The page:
Ex-millionaire's plea deal unravels in attempt to protect family, new A.G.

No reason for John Swallow to be on no-indictment list, spokesman says

Published: Friday, Jan. 11 2013 7:25 p.m. MST

St George businessman Jeremy Johnson has three of his helicopters operating to bring supplies and medical personelle to the the victims of an earthquake in Port-au-Prince, Haiti, Wednesday, Jan. 20, 2010.

Jeffrey D. Allred, Deseret News

SALT LAKE CITY — A court hearing at which erstwhile multimillionaire Jeremy Johnson intended to admit to federal fraud charges took a left turn Friday when he produced a list of people he wants protected from prosecution should he plead guilty.

The list included Johnson's wife, parents, friends, business associates — and newly sworn Utah Attorney General John Swallow, according to a copy Johnson provided to the Deseret News before the hearing.

Johnson, though, would not discuss why he included Swallow's name but said it involves money. Johnson's attorney, Nathan Crane, had no comment about Swallow's name being on the list.

Swallow declined to speak with the Deseret News on Friday. His spokesman, Paul Murphy, said Swallow did nothing wrong.

"This stuff has been bandied about since the political campaign," Murphy said.

Swallow, a Republican, has not asked to be on Johnson's list nor does he need to be on the list, he said. "He's not protecting John. He's damaging John."

Johnson approached Swallow for help when the Federal Trade Commission was investigating his St. George-based Internet marketing firm, iWorks, Murphy said, adding that Swallow put Johnson in touch with someone who does lobbying for the FTC and nothing more.

Murphy said no money exchanged hands between Swallow and Johnson.

Former GOP Attorney General Mark Shurtleff has relationships with both Johnson and Swallow, who served as his chief deputy until succeeding him as attorney general on Monday. Johnson contributed to Shurtleff's political campaigns and gave $50,000 to the attorney general's Internet Crimes Against Children task force.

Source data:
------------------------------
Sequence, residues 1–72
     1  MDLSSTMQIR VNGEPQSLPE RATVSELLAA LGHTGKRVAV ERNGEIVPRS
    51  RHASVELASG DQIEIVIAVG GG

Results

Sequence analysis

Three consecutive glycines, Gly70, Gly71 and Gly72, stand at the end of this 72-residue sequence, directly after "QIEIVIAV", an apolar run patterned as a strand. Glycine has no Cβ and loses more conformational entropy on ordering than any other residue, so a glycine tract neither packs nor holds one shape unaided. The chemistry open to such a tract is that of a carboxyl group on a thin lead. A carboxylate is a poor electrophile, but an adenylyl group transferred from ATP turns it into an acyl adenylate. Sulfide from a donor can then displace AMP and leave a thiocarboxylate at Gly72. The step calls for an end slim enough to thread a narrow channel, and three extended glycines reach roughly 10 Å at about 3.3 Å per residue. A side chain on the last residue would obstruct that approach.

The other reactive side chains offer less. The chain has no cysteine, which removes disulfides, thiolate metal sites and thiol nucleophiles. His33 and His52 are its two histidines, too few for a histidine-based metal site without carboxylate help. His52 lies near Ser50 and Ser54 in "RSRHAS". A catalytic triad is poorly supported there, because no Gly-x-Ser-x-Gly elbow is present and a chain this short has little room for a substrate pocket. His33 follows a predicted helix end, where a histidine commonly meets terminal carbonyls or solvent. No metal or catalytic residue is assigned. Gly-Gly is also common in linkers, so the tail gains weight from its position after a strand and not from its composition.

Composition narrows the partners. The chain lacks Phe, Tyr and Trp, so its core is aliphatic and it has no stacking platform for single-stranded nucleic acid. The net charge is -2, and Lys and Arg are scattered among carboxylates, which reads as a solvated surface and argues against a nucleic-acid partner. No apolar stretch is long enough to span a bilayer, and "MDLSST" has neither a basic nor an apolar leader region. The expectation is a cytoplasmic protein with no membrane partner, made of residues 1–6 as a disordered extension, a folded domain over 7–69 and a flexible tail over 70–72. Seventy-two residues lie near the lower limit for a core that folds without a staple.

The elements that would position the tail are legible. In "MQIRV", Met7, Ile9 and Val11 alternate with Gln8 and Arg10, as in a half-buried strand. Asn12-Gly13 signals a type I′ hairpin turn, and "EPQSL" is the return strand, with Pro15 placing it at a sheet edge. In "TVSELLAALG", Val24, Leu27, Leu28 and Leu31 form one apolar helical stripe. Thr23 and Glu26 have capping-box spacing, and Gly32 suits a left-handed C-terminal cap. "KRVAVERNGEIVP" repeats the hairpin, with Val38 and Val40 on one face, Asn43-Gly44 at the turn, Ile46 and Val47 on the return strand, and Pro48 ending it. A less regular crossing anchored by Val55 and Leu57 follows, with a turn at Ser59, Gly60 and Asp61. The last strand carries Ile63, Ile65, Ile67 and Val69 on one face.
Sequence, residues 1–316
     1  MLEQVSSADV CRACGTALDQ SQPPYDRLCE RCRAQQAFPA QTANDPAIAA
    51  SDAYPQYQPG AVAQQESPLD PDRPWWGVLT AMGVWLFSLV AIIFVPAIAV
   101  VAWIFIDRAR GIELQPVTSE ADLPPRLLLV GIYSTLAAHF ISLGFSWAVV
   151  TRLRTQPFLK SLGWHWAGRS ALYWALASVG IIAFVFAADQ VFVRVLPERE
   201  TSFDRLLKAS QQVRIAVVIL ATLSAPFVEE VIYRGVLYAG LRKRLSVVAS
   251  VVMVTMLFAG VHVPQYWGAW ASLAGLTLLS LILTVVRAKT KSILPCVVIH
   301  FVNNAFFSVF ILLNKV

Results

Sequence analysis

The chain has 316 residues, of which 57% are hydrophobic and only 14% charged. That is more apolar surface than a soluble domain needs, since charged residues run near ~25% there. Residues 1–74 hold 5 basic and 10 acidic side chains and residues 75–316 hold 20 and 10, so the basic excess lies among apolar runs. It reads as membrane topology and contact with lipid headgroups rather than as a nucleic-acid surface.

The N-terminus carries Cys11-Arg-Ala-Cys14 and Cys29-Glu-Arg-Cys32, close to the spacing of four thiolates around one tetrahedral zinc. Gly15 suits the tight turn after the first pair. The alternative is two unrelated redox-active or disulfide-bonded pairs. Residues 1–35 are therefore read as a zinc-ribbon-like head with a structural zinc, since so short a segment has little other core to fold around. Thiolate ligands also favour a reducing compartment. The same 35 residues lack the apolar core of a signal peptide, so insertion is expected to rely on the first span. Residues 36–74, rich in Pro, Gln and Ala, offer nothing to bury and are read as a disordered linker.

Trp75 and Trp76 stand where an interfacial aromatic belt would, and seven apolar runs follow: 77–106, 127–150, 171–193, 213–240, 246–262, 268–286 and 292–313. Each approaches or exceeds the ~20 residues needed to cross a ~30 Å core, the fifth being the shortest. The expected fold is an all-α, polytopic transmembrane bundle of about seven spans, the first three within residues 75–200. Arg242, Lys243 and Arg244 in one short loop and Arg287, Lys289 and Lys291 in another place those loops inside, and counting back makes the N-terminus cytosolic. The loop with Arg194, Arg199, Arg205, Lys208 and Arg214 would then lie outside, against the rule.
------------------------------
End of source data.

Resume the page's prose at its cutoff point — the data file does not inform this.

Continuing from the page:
Shurtleff said he and criminal prosecutor Kirk Torgensen met with Swallow regarding the allegations involving Johnson. Torgensen is now Swallow's chief deputy.

"I went to him and said, 'I need to know what you did do and what you didn't do,'" Shurtleff told the Deseret News last month. "There's things that Jeremy's saying and there's some documentation that may look bad and I think that's what people are basing it on. At the end of the day, I'm convinced John didn't do anything illegal."

The list Johnson tried to enter into the court record during Friday's hearing caused a stir among federal prosecutors. They balked at including any names of people Johnson wanted protected in a plea agreement in which Johnson was to admit to bank fraud and money laundering in connection with his once thriving company.

U.S. District Judge David Nuffer called a recess to allow the parties to negotiate. They came back about 90 minutes later and told him the deal was off.

Before the recess, prosecutor Brent Ward told the judge the U.S. Attorney's Office for Utah committed that there would be no further indictments against anyone else associated with iWorks.

"They wouldn't put it on the record. They said you gotta trust us," Johnson, 37, said after the hearing.

Ward, Utah's former U.S. attorney, said prosecutors would file an additional indictment in a month and asked the judge to schedule a trial in the fall. U.S. Attorney David Barlow would not say what those charges would be and whether anyone else would be indicted.

"We thought we had an agreement. We thought the agreement included protection for certain individuals by name," Crane said. "Jeremy didn't want anyone to go through what he's gone through. … Having the federal government over the top of you on a criminal case is not fun."

Johnson said in an interview before Friday's hearing that he is innocent and planned to plead guilty only to protect his friends and family, whom he says Ward threatened to arrest if he didn't cooperate.

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